I'm interested in…

  • Strategy & Procedure
  • Motor
  • Fraud
  • Disease
  • Catastrophic Injury
  • Commercial Insurance
  • Costs
  • Liability
  • Local Authority
  • Professional Indemnity
  • Scotland

QOCS: further judgment says no protection for defendant as to costs of a counterclaim

Waring v McDonnell
Brighton County Court
25 September 2018

David Brown and Steven Dawson consider the decision in Waring v McDonnell (2018) as another county court decision on the effect of QOCS on counterclaims following swiftly on the heels of the earlier county court judgment in Ketchion v McEwan (2018).

Summary

In a further decision concerning the application of Qualified One Way Costs Shifting (QOCS) to defendants bringing personal injury counterclaims, Her Honour Judge Venn, sitting in the Brighton County Court has held that protection does not extend to shield an unsuccessful defendant from a liability for the claimant's costs, saying:

"He only has the protection of the QOCS regime in respect of his claim for damages for personal injury and does not benefit from it in the claimant’s claim for damages for personal injury".

In our earlier post concerning the Ketchion case, we reported upon the decision of HHJ Freedman who, in refusing the claimant permission to appeal, found that an unsuccessful counterclaiming defendant should have QOCS protection, both in respect of the counterclaim brought to recover personal injury damages, but also in connection with the defence of the successful claimant's (non-personal injury) claim.

HHJ Freedman in Ketchion had concluded: "the proper interpretation of CPR 44.13 is that the reference to proceedings is to both the claim and the counterclaim; and that since it is expressly stated that a Claimant includes a person who brings a counterclaim/additional claim, it follows that the Defendant/Part 20 Claimant has the protection of QOCS. For the reasons advanced by Mr Lyons, I reject the submission that to interpret the provisions in this way will encourage spurious or hopeless claims for damages for personal Injuries".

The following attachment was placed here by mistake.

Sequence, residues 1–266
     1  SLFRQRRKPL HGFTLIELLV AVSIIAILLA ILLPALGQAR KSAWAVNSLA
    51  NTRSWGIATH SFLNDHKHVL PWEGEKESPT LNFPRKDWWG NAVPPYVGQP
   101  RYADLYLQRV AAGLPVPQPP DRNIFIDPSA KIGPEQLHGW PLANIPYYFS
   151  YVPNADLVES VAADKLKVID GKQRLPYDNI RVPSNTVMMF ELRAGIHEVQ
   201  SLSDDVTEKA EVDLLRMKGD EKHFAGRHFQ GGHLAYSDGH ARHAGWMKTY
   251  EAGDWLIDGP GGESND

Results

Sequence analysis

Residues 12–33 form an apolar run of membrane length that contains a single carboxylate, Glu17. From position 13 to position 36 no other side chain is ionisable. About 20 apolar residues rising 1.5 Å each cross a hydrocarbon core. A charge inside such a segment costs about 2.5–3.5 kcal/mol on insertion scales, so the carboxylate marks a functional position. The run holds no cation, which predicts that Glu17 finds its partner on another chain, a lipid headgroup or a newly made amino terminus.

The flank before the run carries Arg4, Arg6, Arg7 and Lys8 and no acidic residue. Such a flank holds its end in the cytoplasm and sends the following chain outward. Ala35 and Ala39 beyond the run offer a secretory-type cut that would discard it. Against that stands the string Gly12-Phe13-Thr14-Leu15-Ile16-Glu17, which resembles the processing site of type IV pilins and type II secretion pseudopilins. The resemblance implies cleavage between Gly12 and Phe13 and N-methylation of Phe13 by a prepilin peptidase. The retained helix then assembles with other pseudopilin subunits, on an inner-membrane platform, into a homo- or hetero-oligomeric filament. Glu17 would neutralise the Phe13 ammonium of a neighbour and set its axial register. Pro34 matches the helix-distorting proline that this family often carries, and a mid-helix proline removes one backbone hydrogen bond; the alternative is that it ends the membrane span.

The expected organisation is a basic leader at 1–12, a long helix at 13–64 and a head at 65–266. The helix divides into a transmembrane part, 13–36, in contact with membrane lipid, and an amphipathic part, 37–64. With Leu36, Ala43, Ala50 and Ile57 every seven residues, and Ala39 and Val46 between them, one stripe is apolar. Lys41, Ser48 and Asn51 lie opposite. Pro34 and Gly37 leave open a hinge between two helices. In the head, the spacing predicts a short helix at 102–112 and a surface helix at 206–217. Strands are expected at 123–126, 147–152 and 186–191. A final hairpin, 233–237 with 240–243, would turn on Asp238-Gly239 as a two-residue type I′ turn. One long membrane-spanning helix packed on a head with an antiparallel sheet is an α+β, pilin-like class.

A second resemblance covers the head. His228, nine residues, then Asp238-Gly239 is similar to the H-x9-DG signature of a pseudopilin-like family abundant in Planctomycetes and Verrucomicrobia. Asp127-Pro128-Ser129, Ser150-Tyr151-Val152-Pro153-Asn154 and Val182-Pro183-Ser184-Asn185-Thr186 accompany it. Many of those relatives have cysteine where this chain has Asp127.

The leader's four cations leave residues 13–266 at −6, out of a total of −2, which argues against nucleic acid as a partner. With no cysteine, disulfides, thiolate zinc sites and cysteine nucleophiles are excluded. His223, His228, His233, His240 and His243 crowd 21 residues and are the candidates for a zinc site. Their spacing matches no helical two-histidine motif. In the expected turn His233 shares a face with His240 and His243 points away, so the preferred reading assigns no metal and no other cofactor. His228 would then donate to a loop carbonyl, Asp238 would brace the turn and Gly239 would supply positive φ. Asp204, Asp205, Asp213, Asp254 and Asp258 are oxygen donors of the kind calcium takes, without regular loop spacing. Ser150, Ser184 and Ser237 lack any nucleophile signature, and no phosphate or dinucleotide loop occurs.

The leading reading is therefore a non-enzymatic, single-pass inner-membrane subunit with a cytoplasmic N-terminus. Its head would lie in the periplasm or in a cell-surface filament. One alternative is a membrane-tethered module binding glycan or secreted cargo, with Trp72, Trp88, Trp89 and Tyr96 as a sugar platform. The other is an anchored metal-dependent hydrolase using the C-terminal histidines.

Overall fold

We expressed the view that the decision, whilst considered by HHJ Freedman to be a "logical" application of CPR Part 44.13 to counterclaims, ran contrary to the clear legislative purpose of the QOCS regime and was unlikely to find favour if tested at a higher judicial level.

It is therefore of interest that a further decision has now emerged from the Brighton County Court (a first-instance decision from another circuit judge, and once again not binding) in which the court refused to follow the earlier decision in Ketchion and expressly disagreed with the conclusions reached by HHJ Freedman.

Facts

Two road cyclists were involved in a head-on collision as a result of which each brought a claim for personal injury damages, the first to sue as claimant, and the other in the same action as a counterclaim.  Judgment was entered for the claimant and the defendant's counter-claim was dismissed. The defendant attempted to rely on QOCS to avoid a liability not only for the costs of bringing his unsuccessful claim, but for the costs incurred by the successful claimant.

The application of QOCS in the "proceedings"

The defendant predictably sought to rely upon the same line of argument accepted by HHJ Freedman in Ketchion: a wide interpretation ought to be given to the word "proceedings" when determining the limits of QOCS protection. Accordingly, because proceedings in the present claim included a counterclaim seeking damages for personal injury the defendant should have the benefit of QOCS protection in respect of his unsuccessful counterclaim and his unsuccessful defence of the claimant’s claim.